Smith&Son Paris on 248 Rue de Rivoli, near Place de la Concorde, is the longest branch to have remained in its original setting
Smith&Son Paris in Rue de Rivoli
In January 1797, an army of thousands of French soldiers commanded by Napoleon Bonaparte defeated thousands of Austrians under General of the Artillery Jozsef Alvinczi. This victory ended Austria’s fourth and final attempt to relieve the Siege of Mantua in Italy. The Battle of Rivoli represented a key victory in the French campaign in Italy against Austria. It led to the French consolidation of the north of the country.
Rue de Rivoli, named under Napoleon Bonaparte’s victory, is one of Paris’ signature streets. Known as a commercial road, it dons the major stores of the fashion industry. Between the first and fourth arrondissements, in the very heart of the city, it is three kilometres long.
On the one side, the street takes the north wing of the Louvre Palace together with the Tuileries gardens. It also extends until Le Marais district. Walking along Rue de Rivoli, one may admire lots of monuments symbols of the French history. At the Place des Pyramides is the bronze gilded statue of Joan of Arc. The monument is situated close to the place where she was wounded in 1429 at the Saint-Honoré Gate during her attack on English-held Paris.
The Comédie Française Studio Theatre stands at number 99. Located in the Carrousel du Louvre, an underground shopping mall opened in 1996 by Jean-Pierre Miquel, the theatre has a fifty square meters stage as well as a one-hundred-and-thirty-seater auditorium.
Not far, at number 107, close to the Louvre western wing, is the Musée des Arts Decoratifs, and its corresponding boutique store, 107Rivoli. It houses and displays a collection of French furniture, interiors, paintings, tapestries, ceramics, wallpaper, glassware, from the Middle Ages up until today. Tolstoy lived in the street in 1857, in a building at number 206.
Lampoon review: Smith&Son Paris’s Parisian branch
The English bookshop Smith&Son Paris on 248 Rue de Rivoli, near Place de la Concorde, is the Parisian branch of the large British Institution Smith&Son Paris. It is the longest to have remained in its original setting. Back in the 1870s the bookshop was formerly known as Neal’s Library, under the name of its founders the Neal Brothers. At the time the shop sold English publications and ran a tea room as well as a library.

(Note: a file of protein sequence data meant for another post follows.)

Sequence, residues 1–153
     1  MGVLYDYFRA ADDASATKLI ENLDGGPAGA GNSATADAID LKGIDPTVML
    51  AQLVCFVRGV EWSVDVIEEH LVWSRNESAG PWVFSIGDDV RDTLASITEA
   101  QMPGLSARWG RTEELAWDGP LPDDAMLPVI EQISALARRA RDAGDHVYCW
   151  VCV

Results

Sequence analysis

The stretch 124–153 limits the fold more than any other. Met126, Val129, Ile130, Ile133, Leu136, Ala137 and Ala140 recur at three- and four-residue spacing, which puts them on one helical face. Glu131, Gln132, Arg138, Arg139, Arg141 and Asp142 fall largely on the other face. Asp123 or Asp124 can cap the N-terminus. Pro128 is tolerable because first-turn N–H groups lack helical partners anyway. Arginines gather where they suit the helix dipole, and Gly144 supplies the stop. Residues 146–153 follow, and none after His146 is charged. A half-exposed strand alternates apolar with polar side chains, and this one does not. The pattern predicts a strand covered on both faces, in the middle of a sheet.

Only about thirty years later, in 1907, the publishing giant acquired the family business. It then started growing in popularity in Paris. On the upper level of the Anglo-Saxon first-rate bookshop, the tea room helped in establishing the tradition of the five o‘clock tea in the Ville Lumière.
Offering English books to the French, expats and tourists, the store soon became a meeting place for Parisian intellectuals and celebrities in the Salon de Thé. Domestic Revival style – or Old English – characterized this establishment. A nineteenth-century style of architecture incorporating forms, details and materials found in English vernacular buildings. Ornate bargeboards, brickwork in diaper patterns, tall decorative chimney as well as leaded windows.
In 1940, during the Occupation, Smith&Son Paris witnessed the worst phase of its history. The German army took over the Anglo-Saxon bookstore and set up their own shop selling Nazi propaganda. The tea room was turned into a German officer’s social headquarters. After the Liberation Smith&Son Paris reclaimed its historical location in Rue de Rivoli and reopened in 1945.
Today, it is a three-hundred-and-sixty-meters square bookshop across two floors – France’s largest English bookshop. It stocks over seventy-thousand books and more than a thousand titles of newspapers and magazines. Three decorated rooms – with views over the Tuileries Gardens and a capacity of one-hundred-and-fifty people – host events including seminars, press conferences as well as book presentations.
Open Monday to Sunday, Smith&Son Paris’s café on the first floor serves British brunches, as well as afternoon tea, with a selection of cakes, and traditional lunches. These include cheddar ploughman’s, Welsh Rarebit and freshly cut, Rare Roast Beef sandwiches.
Smith&Son Paris, Paris
248 Rue de Rivoli Paris, France
Smith&Son Paris is a British chain of bookstores with numerous branches all over the UK. The Parisian bookstore is located in the long Rue de la Rivoli, near la Place de la Concorde. It is the only European non-UK branch. Its offer is more or less typical for a chain store.